Baiji has been the scene of intermittent fighting since the militants launched their blitz against Iraqi government forces last week
Islamist militants laid siege to Iraq’s largest oil refinery Wednesday, threatening a facility key to the country’s domestic supplies as part of their ongoing lightning offensive across the country, a top security official said.
The official spoke on condition of anonymity because he was not authorised to speak to journalists.
The Beiji refinery accounts for a little more than a quarter of the country’s entire refining capacity all of which goes towards domestic consumption for things like gasoline, cooking oil and fuel for power stations. At the height of the insurgency from 2004 to late 2007, the Beiji refinery was under the control of Sunni militants who used to siphon off crude and petroleum products to finance their operations.
Any lengthy outage at Beiji risks long lines at the gas pump and electricity shortages, adding to the chaos already facing Iraq.
Farther north in the city of Tal Afar, fighting raged Wednesday between government troops and Islamic State fighters who captured the city on Monday, chief military spokesman Lt. Gen. Qassim al-Moussawi told The Associated Press.
Tal Afar is close to the Syria border and its capture strengthens the Islamic State’s plan to carve out an “Islamic emirate” that covers territory on both sides of the territory.
The Sunni militants of the Islamic State have vowed to march to Baghdad and the Shiite holy cities of Karbala and Najaf in the worst threat to Iraq’s stability since U.S. troops left. The three cities are home to some of the most revered Shiite shrines. The Islamic State also has tried to capture Samarra north of Baghdad, home to another major Shiite shrine.
Some 275 armed American forces are being positioned in and around Iraq to help secure U.S. assets as President Barack Obama considers an array of options for combating the Islamic militants, including airstrikes or a contingent of special forces.
The White House has continued to emphasize that any military engagement remains contingent on the government in Baghdad enacting political reforms and ending sectarian tensions, which had been on the rise even before the Islamic State’s incursion last week, with thousands killed since late last year.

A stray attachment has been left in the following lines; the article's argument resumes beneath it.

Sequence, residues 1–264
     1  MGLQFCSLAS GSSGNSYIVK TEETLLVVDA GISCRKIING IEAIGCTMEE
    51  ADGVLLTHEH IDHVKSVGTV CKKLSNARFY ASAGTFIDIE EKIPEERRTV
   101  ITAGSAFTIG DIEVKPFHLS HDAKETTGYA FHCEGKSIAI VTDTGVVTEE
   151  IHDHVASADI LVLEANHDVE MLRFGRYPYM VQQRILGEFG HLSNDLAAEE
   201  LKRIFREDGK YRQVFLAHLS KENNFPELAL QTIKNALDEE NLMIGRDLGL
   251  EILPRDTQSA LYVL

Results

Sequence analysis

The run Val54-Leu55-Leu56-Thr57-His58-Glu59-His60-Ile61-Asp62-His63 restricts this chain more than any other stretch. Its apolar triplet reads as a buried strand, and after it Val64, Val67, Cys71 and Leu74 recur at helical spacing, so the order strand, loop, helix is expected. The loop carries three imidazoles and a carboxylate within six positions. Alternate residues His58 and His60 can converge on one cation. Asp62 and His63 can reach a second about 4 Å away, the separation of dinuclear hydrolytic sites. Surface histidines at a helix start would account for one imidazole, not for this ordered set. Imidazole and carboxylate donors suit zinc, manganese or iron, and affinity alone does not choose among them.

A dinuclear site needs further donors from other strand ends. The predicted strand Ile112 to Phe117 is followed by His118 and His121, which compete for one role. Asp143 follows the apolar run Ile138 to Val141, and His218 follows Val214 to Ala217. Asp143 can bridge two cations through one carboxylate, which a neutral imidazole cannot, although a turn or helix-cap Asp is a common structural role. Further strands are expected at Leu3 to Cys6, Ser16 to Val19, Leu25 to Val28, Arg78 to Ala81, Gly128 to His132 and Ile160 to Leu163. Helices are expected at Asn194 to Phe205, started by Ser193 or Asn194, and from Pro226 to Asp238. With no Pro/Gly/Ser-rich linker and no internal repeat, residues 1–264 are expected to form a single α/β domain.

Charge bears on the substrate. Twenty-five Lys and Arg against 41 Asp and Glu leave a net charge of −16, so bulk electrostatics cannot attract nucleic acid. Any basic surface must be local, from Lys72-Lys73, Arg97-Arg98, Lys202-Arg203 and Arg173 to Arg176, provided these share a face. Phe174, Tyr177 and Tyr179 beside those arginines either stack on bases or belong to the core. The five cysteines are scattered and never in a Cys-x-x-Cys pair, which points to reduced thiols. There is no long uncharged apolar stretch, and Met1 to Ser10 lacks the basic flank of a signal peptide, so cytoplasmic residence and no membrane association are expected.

Republicans have been critical of Obama’s handling of Iraq, but Congress remains deeply divided over what steps the U.S. can take militarily. Even lawmakers who voted in 2002 to give President George W. Bush the authority to use military force to oust Saddam Hussein have expressed doubts about the effectiveness of drone airstrikes and worry about Americans returning to the fight in a country split by sectarian violence.
“Where will it lead and will that be the beginning or the end?” Sen. Richard Shelby, R-Ala., said, when asked about possible U.S. airstrikes. “We don’t know that. This underlying conflict has been going on 1,500 years between the Shias and the Sunnis and their allies. And I think whatever we do, it’s not going to go away.”
During the United States’ eight-year presence in Iraq, American forces acted as a buffer between the two Islamic sects, albeit with limited success. But U.S. forces fully withdrew at the end of 2011 when Washington and Baghdad could not reach an agreement to extend the American military presence there.
Iraq has the world’s fifth-largest known crude oil reserves, with an estimated 143 billion barrels, according to the U.S. Energy Information Administration. It produced some 2.58 million barrels of oil day in May, according to the Oil Ministry.
The price of oil eased slightly Tuesday after the U.S. said it was deploying a small group of troops to Iraq, which helped soothe fears somewhat over the prospect of disruption to crude supplies. The attack on Beiji likely will affect trading Wednesday.